How to help a grieving person
by Leanne Billiau
At one point or another, we have all experienced that feeling of genuinely wanting to help someone who is grieving, but not knowing what to say or do. It can be awkward as you may not feel comfortable with the raw emotions that can come with grief. It may trigger your own past or current losses. It may bring up fear about your own or a loved one’s death.
It is hard to see someone you care about in emotional pain and you may naturally want to “fix it” for them. Since it is not possible to fix grief or any other normal human emotion, trying to do so will only cause frustration for both of you. Instead, try some of these things:
Listen – Listening with an open heart can be the best thing you can do for a grieving person. Let them express any emotion or share any story they choose and take the time to listen. Try to be comfortable with both tears and silence.
Accept all feelings – Accepting and not passing judgment about what the grieving person is feeling or how you think they are coping can be very helpful. Everyone grieves in their own way and in their own time, so remember that there is no “right” or “wrong” way to do it.
Avoid clichés – It is better to say, “I’m sorry for your loss” or “I wish I had the right words, but I don’t know what to say”. It allows the griever to express whatever they choose and it respects their ability to figure out for themselves how they want to understand their loss.
Respect individual needs as well as cultural and religious differences – The way each of us grieves is influenced by cultural, religious and family traditions as well as our individual personalities, among other factors. Let the grieving person lead the way. It is their journey, so keep in mind that their traditions and needs may be different from your own.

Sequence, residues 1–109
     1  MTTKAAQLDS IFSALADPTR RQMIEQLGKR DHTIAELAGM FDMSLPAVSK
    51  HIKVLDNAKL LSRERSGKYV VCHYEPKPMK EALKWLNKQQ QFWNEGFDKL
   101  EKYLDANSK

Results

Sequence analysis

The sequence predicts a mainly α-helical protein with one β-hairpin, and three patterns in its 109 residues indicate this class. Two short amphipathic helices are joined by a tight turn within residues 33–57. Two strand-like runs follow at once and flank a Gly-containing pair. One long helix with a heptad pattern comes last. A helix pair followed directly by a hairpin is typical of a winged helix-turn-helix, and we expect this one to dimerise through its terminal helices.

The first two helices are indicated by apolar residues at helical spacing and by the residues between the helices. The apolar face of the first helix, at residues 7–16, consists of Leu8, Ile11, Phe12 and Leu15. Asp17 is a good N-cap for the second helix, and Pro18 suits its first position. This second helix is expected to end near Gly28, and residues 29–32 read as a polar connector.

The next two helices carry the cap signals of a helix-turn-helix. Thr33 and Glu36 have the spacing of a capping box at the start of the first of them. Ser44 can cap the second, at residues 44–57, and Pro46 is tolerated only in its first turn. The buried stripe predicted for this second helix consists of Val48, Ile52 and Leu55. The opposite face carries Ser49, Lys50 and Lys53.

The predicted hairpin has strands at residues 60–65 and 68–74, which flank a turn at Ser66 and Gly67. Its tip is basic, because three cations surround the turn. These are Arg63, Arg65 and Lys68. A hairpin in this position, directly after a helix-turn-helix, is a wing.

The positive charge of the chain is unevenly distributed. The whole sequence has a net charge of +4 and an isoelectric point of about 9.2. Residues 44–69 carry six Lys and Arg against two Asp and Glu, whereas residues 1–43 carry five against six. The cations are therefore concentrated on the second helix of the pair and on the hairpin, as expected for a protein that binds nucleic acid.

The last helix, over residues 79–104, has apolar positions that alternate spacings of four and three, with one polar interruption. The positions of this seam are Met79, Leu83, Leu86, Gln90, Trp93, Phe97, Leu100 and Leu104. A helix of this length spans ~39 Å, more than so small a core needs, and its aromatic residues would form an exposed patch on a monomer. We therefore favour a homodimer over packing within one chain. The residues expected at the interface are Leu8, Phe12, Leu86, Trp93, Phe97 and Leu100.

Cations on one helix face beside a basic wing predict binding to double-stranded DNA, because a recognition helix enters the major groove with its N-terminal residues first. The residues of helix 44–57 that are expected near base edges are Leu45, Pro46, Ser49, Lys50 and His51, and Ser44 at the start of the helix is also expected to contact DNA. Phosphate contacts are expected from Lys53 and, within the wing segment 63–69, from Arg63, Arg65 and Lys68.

Make specific offers of help – Instead of saying “Call me if I can do anything to help,” offer specific things like bringing a meal, babysitting, shopping, doing house/yard work. It is much easier for grieving people to accept specific offers of help than to use their limited energy trying to figure out who they should ask for what, and many don’t feel comfortable asking for help at all.
Be there – Checking in periodically, remembering them on special days and holidays, especially as the months and years go by, can show them you remember and care about them, even when others may have stopped asking. A card, a phone call, or an invitation, can go a long way in showing you care. Be accepting when invitations are declined as they may not feel ready for it, and offer another invitation after some time has passed.
The friend who can be silent with us in a moment of confusion or despair, who can stay with us in an hour of grief and bereavement, who can tolerate not knowing…not healing…not curing…that is a friend indeed. -Henri Nouwen